Sunday, April 21, 2013

Jordan Lancaster - In the Shadow of Vesuvius: A Cultural History of Naples

Before a recent visit to Naples I was repeatedly warned to beware of crime and pickpockets. Online reviews of our hotel complained about the dirt, graffiti and noise from the city centres population. Certainly modern Naples has a reputation as somewhere to be avoided, or travelled through on the way to the Amalfi coast, or the tourist hotspots at Pompeii.

I disagree with this judgement. Naples is in many ways no worse or better than any other city of a million souls. It is poor, and that creates social problems. But this is the result of government policy, organised crime and bureaucratic indifference. But Naples hasn't always been seen in a dark and gloomy light. For much of the last few hundred years it was the destination of choice for the up and coming nobility. One guide to Naples, written towards the end of the sixteenth century described its wonders:

"The number of marvellous things in this city and kingdom of Naples is so vast... Naples has always been as well attended by the agreeableness of its site, as by the studies and fine arts that flourished in it... In Naples one sees a flourishing and brilliant nobility... It has its population, numerous and civilised of choice people, who live the equal to any noblity in splendour. .... Its wide and spacious streets are adorned by the most noble and magnificent palaces and temples, with fountains of the clearest and freshest water, which bring great ornament and dignity to the city."

By the mid seventeenth century, Naples was a highlight of the grand tour, though in Jordan Lancaster's fine account of the city's history she points out that this was as much to do with the easily available prostitutes than just the  cultural, artistic and scientific sights in the city. The reawakening of Vesuvius in 1631 spurred scientific discussion about the volcano and related subjects. Just as the discoveries of Pompeii and Herculaneum would lead to renewed historical interests.

The story of Naples is very much the story of Italy. From ancient times the city has been associated with important trading routes, following the fall of the Roman Empire, in turn the area was dominated by various groupings (including I was surprised to learn a population of Normans from France). A long period of Spanish rule included many golden years for the people of the city. Later the Italian city states developed and Lancaster describes the alliances, wars and rows with ease for the reader who knows little of the subject. Famously, Naples was very closely associated with the unification movement of Garibaldi whose arrival in the city was supposed to herald a new era of prosperity. Yet promises were quickly forgotten.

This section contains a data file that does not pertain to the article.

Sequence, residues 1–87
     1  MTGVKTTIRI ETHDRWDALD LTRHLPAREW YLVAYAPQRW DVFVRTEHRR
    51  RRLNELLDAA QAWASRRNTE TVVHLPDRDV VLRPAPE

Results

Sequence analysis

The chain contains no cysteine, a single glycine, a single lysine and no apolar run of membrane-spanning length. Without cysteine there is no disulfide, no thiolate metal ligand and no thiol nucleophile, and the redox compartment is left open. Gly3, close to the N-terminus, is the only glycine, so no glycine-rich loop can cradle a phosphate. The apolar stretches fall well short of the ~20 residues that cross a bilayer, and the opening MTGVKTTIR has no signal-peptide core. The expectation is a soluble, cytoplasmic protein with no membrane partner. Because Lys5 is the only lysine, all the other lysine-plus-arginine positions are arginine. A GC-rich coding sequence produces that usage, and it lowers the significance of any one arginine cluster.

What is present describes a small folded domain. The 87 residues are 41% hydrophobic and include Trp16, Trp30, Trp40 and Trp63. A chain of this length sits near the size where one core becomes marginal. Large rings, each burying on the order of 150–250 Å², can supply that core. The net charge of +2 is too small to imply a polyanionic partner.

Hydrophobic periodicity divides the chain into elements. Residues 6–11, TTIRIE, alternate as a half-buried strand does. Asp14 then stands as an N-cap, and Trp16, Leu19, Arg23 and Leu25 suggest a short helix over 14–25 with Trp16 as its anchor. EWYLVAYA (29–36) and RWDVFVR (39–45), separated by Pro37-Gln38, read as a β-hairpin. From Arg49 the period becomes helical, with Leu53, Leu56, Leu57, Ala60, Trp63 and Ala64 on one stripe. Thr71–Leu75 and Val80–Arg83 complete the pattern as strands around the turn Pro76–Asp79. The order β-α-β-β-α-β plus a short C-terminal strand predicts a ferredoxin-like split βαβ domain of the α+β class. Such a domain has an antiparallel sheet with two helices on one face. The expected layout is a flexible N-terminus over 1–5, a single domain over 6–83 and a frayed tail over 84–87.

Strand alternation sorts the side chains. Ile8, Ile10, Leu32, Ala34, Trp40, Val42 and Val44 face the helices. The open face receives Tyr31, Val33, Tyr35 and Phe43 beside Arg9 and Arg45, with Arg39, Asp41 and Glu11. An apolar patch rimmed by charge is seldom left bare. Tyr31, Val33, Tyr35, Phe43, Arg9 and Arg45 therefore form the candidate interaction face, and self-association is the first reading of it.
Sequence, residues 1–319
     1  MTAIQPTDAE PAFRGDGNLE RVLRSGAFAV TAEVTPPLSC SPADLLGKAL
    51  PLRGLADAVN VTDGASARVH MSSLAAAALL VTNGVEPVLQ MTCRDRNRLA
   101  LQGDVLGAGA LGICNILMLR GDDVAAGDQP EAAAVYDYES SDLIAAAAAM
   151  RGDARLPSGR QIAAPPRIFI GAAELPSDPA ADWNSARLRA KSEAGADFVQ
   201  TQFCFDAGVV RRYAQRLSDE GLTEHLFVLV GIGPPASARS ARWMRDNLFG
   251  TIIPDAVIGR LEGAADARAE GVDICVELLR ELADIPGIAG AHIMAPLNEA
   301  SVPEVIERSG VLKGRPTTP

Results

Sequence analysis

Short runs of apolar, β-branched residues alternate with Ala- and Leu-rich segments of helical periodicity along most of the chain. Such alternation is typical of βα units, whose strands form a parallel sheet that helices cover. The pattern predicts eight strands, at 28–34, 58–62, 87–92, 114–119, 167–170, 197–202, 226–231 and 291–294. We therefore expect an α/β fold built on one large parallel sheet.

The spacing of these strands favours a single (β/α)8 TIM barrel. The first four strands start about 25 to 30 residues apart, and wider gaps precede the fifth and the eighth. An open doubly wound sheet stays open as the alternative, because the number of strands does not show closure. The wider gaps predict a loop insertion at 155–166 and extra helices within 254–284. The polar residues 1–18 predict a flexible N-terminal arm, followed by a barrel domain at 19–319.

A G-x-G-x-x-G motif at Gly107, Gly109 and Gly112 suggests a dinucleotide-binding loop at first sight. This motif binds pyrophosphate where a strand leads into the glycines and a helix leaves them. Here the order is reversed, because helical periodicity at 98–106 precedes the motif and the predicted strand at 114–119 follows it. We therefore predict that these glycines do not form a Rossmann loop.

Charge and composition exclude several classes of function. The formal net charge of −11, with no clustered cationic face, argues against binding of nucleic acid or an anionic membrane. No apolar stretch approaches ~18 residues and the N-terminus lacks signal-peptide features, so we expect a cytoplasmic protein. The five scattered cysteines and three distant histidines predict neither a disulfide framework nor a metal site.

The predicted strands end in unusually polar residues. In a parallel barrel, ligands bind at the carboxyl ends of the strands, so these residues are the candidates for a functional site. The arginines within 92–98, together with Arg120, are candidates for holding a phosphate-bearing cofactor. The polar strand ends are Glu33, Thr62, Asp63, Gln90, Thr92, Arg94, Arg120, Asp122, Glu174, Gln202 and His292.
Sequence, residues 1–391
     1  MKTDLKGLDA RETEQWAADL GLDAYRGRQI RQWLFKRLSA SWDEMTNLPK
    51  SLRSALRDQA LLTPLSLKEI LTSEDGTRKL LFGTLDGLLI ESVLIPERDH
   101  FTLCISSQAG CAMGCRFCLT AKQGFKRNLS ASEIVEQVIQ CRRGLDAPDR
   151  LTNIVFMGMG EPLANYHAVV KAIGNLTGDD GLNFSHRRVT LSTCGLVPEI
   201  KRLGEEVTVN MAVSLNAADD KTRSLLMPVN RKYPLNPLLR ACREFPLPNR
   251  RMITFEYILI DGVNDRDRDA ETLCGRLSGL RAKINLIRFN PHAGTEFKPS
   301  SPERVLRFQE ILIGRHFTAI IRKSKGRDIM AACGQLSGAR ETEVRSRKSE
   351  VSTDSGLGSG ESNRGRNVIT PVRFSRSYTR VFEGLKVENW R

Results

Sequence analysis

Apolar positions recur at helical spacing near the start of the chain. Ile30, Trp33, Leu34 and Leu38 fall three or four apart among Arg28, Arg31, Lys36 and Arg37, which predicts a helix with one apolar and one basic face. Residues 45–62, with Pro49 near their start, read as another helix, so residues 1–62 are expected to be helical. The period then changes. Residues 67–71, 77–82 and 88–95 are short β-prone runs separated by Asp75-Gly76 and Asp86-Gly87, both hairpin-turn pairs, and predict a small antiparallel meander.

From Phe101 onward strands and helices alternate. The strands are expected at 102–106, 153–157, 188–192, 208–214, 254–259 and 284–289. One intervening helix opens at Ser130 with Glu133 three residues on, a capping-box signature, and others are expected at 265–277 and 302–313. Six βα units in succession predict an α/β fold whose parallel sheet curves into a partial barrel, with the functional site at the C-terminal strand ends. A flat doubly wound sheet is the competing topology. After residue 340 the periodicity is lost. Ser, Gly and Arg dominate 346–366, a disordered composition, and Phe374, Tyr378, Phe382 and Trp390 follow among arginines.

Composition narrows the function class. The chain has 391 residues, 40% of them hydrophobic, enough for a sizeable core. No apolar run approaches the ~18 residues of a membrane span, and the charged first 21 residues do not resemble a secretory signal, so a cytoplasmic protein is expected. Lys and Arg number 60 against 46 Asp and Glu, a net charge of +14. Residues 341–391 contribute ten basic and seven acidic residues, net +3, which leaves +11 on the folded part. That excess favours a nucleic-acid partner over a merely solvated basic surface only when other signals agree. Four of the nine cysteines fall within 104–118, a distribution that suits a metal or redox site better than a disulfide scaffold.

But despite the splendour of Naples' palaces and fountains, the city was always one of sharp divisions. The extravagance of the wealthy compared to the immense poverty of the inner cities. Lancaster tells the stories of various attempts to deal with the shoddy housing, unemployment and hunger over the centuries, but the problem refuses to vanish. Despite occasionally well intentioned rulers the real underlying problems have never been solved.

Lancaster's book doesn't avoid the difficult questions of poverty and class. But her book is very much a cultural history. It concentrates on that side of the city's history rather than the class struggles or wider issues that shaped Italian history. There is much here on literature, art and music though the author certainly understands the way that cultural Naples has been shaped by the wider economic and political issues. It is a short book, but the author packs an enormous amount into her book. It is an excellent introduction to the city and should be read by everyone heading to that part of the world. It certainly illuminates a city that has far more to it than a port leading to Capri, or the nearby Roman ruins.

Related Reviews

Beard - Pompeii
Grant - Cities of Vesuvius - Pomepii and Herculaneum

Newby - Love and War in the Apennines

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